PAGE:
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Group Association of Policy Packages

Novell Cool Solutions: Tip
By Patrice Clement

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Posted: 3 Nov 1999
 

Award-winning
Tip

This entry won the Reader's Choice Award, the grand prize of the ZENworks Tip Contest in 1999. This entry was also awarded 2nd-prize by the judges in a very close race. Patrice is an Escalation Engineer in the Novell European Support Center. To see all the winners, check out this article.

Applies to any version of ZENworks (including ZENworks 2).

In ZENworks, a policy package can be associated directly to the object itself (user or workstation object), to a container object, and to a group object (user group or workstation group).

A previous Cool Solutions article described how ZENworks was determining which policy is effectively used when several policies coming from different packages are associated directly or indirectly to an object. However, this article didn't cover an odd behavior of ZENworks related to group associations: which policy will be effectively used by ZENworks when a user (or a workstation) is member of several groups and those groups are associated to different policy packages?

To better understand what's happening in such a case, let's take an example. Let's say that user Joe is a member of two different groups: UserGroup and AdminGroup. In addition to that, we have two different User Policy Packages: Restricted_Package and Unrestricted_Package. The Restricted_Package implements a Dynamic Local User Policy where the user is only a member of the NT User Group. The Unrestricted_Package implements a Dynamic Local User Policy where the user is not only a member of the NT User Group but also a member of the NT Administrator Group. The Restricted_Package has been associated to the UserGroup and the Unrestricted_Package has been associated to the AdminGroup. Since user Joe is a member of both groups, both Dynamic Local User policies are indirectly associated to him. However, the Dynamic Local User policy is a singular policy, meaning that only one such policy can be effectively applied to the user. Now, the question is: which policy will be effectively applied to user Joe?

Well, sadly enough, the answer is: it depends! Indeed, we first have to remember that the main rule regarding effective policies is: the first (singular) policy found is the one that will be effectively applied. In our case, to find out which Dynamic Local User Policy will be effectively applied we have to remember that the group membership list of a user will be read in an "historical" manner. Meaning that the first group read will be the first group the user was made a member of, the second group read will be the second group the user was made a member of, and so on. So if the user Joe was first made a member of the UserGroup, we will get the DLU policy from the Restricted_Package. On the other hand, if he was first made a member of the AdminGroup, we will get the DLU policy from the Unrestricted_Package!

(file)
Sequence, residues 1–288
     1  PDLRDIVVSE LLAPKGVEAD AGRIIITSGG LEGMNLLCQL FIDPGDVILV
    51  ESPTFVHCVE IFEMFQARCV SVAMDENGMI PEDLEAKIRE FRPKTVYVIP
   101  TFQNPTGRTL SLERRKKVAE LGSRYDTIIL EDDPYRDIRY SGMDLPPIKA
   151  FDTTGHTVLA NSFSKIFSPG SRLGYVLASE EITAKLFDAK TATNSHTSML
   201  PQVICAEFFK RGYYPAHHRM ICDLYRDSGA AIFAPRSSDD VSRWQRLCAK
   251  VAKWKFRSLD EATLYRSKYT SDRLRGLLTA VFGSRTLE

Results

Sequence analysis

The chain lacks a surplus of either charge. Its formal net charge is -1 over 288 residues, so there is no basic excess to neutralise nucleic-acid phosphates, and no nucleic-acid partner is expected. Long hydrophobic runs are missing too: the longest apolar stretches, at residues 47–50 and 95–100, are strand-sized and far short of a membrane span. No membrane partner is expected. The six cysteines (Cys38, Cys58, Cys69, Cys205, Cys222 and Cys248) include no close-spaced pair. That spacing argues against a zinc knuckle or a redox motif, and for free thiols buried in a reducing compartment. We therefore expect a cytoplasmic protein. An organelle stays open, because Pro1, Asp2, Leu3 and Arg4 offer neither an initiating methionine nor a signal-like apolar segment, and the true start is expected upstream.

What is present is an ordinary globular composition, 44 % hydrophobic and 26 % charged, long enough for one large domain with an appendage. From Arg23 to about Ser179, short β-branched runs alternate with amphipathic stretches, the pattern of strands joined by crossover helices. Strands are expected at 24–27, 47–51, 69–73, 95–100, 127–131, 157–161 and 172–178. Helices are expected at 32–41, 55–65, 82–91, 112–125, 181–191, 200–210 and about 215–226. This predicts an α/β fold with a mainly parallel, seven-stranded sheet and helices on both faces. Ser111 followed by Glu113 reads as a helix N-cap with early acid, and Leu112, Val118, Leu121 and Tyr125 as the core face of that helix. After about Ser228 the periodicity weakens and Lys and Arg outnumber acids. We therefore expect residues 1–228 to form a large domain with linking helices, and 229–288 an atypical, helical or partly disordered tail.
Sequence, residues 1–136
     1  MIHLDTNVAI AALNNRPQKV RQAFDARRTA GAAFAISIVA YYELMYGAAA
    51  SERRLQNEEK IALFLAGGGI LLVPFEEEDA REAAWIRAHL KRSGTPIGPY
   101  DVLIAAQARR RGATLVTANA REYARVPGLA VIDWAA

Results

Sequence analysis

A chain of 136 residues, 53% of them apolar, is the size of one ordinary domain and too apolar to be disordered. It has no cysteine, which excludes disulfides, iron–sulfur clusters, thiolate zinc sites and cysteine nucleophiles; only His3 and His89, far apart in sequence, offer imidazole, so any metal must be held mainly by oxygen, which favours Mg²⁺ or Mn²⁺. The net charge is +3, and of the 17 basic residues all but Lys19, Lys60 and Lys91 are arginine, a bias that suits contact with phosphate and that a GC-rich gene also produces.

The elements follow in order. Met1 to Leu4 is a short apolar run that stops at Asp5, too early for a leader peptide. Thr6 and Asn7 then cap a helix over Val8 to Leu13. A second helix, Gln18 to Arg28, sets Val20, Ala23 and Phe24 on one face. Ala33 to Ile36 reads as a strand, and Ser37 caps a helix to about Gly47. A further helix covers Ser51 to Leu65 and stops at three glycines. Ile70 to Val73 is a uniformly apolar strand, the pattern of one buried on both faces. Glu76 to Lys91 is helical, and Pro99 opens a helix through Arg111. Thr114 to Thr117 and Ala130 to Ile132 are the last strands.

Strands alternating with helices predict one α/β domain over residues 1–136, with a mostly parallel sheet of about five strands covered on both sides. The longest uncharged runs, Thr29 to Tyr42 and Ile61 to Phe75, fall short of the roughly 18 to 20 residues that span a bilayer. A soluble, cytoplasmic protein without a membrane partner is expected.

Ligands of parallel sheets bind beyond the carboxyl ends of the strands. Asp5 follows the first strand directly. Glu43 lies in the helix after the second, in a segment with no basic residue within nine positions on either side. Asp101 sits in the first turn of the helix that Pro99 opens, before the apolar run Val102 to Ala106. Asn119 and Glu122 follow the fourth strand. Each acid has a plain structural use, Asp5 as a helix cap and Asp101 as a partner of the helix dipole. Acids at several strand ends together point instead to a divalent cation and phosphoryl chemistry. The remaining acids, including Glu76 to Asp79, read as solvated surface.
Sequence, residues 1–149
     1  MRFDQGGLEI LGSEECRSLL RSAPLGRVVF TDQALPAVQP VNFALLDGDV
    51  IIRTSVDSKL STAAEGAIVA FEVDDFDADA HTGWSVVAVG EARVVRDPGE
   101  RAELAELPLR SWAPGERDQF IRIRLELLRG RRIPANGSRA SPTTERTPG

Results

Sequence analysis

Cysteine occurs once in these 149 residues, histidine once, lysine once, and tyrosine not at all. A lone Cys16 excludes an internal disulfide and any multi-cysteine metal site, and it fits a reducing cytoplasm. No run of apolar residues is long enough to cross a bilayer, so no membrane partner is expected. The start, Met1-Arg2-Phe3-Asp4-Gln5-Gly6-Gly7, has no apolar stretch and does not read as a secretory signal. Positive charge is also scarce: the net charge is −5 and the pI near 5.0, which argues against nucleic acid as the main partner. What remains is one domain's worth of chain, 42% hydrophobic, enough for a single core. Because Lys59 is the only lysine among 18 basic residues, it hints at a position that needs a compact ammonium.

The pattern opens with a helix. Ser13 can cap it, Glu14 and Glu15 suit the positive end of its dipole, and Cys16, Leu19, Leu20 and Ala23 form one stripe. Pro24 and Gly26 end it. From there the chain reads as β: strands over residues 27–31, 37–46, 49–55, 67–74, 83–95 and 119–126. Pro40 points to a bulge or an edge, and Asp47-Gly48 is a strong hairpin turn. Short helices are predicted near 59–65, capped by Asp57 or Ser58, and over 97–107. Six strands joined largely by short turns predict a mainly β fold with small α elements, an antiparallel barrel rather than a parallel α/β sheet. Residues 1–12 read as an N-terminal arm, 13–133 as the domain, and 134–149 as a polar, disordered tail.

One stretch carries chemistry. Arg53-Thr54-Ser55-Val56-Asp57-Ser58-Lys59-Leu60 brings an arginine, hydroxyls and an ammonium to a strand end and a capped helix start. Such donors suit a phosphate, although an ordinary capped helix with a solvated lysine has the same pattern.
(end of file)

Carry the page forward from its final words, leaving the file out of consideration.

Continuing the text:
So, the important factor here is the order in which the user was made member of the different groups. This has very bad consequences for the administrator:

  • The group order is user related. Two users who are members of the same two groups might end up with different effective policies if they were made members of those groups in a different order.
  • The group order cannot be easily seen. Going into the group membership section of the user object with NWAdmin doesn't help because the groups are listed alphabetically, not historically.
  • Removing a user from a group and putting him back will change the group order and, therefore, can change his effective policies! Even though he is still a member of exactly the same groups.

Practically, all this means that effective policies can very quickly become unmanageable when associating Policy Packages to groups. Here are a few tips to help you alleviate this problem (sorted from the most effective tip to the least effective tip):

  1. Activate a Search Policy through the Container Package and remove the group objects from the Search Order section. This way, you are sure that policies associated to groups will not be taken into account.

  2. Don't associate Policy Packages to groups. Associate them to the containers or to the objects themselves.

  3. If you have to associate Policy Packages to groups, make sure that the different Policy Packages have different policies activated. For example, one package would have the DLU policy and another package would have the Printer policy. This way, it doesn't matter in which order those policies are applied.

  4. Do not make a user a member of groups associated to conflicting Policy Packages (like the UserGroup and AdminGroup in our example).

  5. In the worst case scenario (Policy Packages with conflicting policies), use DSView or DS Snoop (can be downloaded from the Novell Consulting Web Site) to find out in which order the user was made a member of the various groups


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